Mission: Impossible – 1996 Directed by Brian De Palma Starring Tom Cruise, Emmanuelle Béart, Jon Voight, Kristin Scott Thomas, Emilio Estavez, Jean Reno, Ving Rhames, Vanessa Redgrave, Henry Czerny, Ingeborga Dapkūnaitė Written by […]
Mission: Impossible – 1996 Directed by Brian De Palma
Starring Tom Cruise, Emmanuelle Béart, Jon Voight, Kristin Scott Thomas, Emilio Estavez, Jean Reno, Ving Rhames, Vanessa Redgrave, Henry Czerny, Ingeborga Dapkūnaitė
Written by David Koepp, Robert Towne
Considered at the time to be a blasphemous departure to the original series is now seen as a pretty solid thriller. That is saying something with De Palma at the helm. Known for his inconsistent ability as well as his occasional genius, De Palma could have sunk this franchise before it started. Sure, he had just gotten through with Carlito’s Way, but he could just as easily turned it into Snake Eyes , Mission to Mars or, worse, Black Dahlia.
Getting rid of the entire cast in the first mission and then spending the rest of the movie with solid replacements was a stroke of brilliance. Having Henry Czerny play against cast was equally grand. The best scene, by far, is breaking into the CIA. Old computers and all, it still works. The train scene stretched credibility to the max. The twists are plentiful, and the performances are solid. As Ethan Hunt, Cruise delivers a performance intense enough and generic enough that he is able to grow into. The reveal with a half hour left is a little early. It was nice to see Jon Voight bite it, even if he was Jim Phelps at the time.
(***1/2 out of ******)
Mission: Impossible II Directed by John Woo Starring Tom Cruise, Dougray Scott, Thandie Newton, Ving Rhames, Brendan Gleeson, Richard Roxborough, Anthony Hopkins (uncredited), William Mapother Written by Robert Towne
Taking a calculated risk for the second movie in a row, Cruise inserts noted Hong Kong director John Woo. Woo is a great choice, and he brings all of his bag of tricks to the show. Problem is, he used about 3/4 of these tricks in earlier films. The car wreck on the cliff, the gun standoff and the motorcycle stunts are all Woo standards. Still there is something intriguing about having Cruise attack those stunts. The color palate is immensely beautiful in Blue Ray, making the last 1/3 of the movie, duplicate scenes and all, remarkable as ever.
Cruise looks like he is having a ball through most of the events. The bad guy (Scott) is kind of bland, with no lasting impact, unless you consider that he gave up being Wolverine for this role. I had more of a feeling of danger with Anthony Hopkins as the head of IMF. Or the blonde number 2 guy. Thandie Newton is more than adequate as the damsel in distress.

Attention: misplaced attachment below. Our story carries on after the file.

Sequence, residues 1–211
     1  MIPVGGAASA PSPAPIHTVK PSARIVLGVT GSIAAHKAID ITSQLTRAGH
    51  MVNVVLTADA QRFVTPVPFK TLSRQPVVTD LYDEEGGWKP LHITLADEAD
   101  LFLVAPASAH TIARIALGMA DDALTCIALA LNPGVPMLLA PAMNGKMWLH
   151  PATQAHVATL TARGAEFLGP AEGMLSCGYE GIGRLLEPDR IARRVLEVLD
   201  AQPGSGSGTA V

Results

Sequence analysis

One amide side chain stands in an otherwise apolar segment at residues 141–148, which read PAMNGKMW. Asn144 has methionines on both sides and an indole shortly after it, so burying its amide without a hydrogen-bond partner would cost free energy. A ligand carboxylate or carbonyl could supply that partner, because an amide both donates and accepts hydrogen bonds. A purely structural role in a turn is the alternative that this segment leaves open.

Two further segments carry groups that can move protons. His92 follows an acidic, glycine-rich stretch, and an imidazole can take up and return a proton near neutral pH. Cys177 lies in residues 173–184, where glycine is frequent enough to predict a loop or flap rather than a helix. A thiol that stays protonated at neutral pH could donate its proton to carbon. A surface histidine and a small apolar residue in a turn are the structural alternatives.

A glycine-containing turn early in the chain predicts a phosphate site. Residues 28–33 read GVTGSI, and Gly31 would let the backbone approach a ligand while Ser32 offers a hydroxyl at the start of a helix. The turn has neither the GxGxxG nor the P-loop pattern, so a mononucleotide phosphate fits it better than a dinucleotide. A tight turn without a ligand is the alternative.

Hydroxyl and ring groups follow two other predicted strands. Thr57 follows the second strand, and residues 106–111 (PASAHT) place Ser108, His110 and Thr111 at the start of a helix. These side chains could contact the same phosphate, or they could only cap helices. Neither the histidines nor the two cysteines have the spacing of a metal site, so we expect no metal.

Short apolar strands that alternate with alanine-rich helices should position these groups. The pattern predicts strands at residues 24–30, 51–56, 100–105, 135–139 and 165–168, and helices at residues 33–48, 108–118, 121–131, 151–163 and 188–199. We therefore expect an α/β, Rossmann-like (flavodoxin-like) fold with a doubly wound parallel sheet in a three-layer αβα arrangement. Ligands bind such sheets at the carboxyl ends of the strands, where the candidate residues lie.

Towne’s script presents a grim fatalism to everything. One real weakness is any real discussion about how communicable the disease Chimera is. There is a lot less tension in M:I:II than in most films involving virus outbreaks. This one makes it seem like it can be solved with hands, feet, guns and grit. Makes it feel a little insubstantial, which, of course, it is.
(**** out of *****)
Mission: Impossible III Directed by J.J. Abrams
Starring Tom Cruise, Phillip Seymour Hoffman, Ving Rhames, Michelle Monaghan, Johnathon Rhys Meyers, Billy Crudup, Laurence Fishburne, Maggie Q, Simon Pegg, Keri Russell, Eddie Moran Written by Alex Kurtzman, Roberto Orci and Abrams
Far and away the best of the series, with no discernible flaws. Taking many risks, including making Hoffman a bad guy, giving Hunt a fiancé and then marrying him all before the major mission kicks off, it succeeds in ratcheting up the tension, instead of making it goofy. The rescue mission with Russell is as awesome is it is heartbreaking. The kidnap in Rome, the double cross in the Florida Keys, the escape from the IMF, the building jump and the interrogation scene are all high-water marks for the series.
Hoffman’s belligerent diatribe as he sits there captured shows exactly what they got in this movie that the other two so desperately lacked: a credible nemesis. Every moment counts, every detail matters, and every scene leads to something. The same combination responsible for just about every classic series or movie over the last 8 years (Abrams, Orci, Kurtzman) is the driving force behind the success of the film. Making Laurence Fishburne the boss and Crudup as his buddy in the office works in many ways. Maggie Q, Rhys Meyers, Rhames and especially Pegg give Cruise the best supporting team yet.
The best thing about M:I:III is for the first time, the series feels vital. The story gives Cruise a chance to flesh out the Hunt character unlike he has ever been before. As a husband, he feels more human than he ever did as just an agent. Like Jean Reno in Leon: The Professional, he has roots. The sequels have been more a pleasant surprise to now. With part 3, we now wait in breathless anticipation for the fourth entry.
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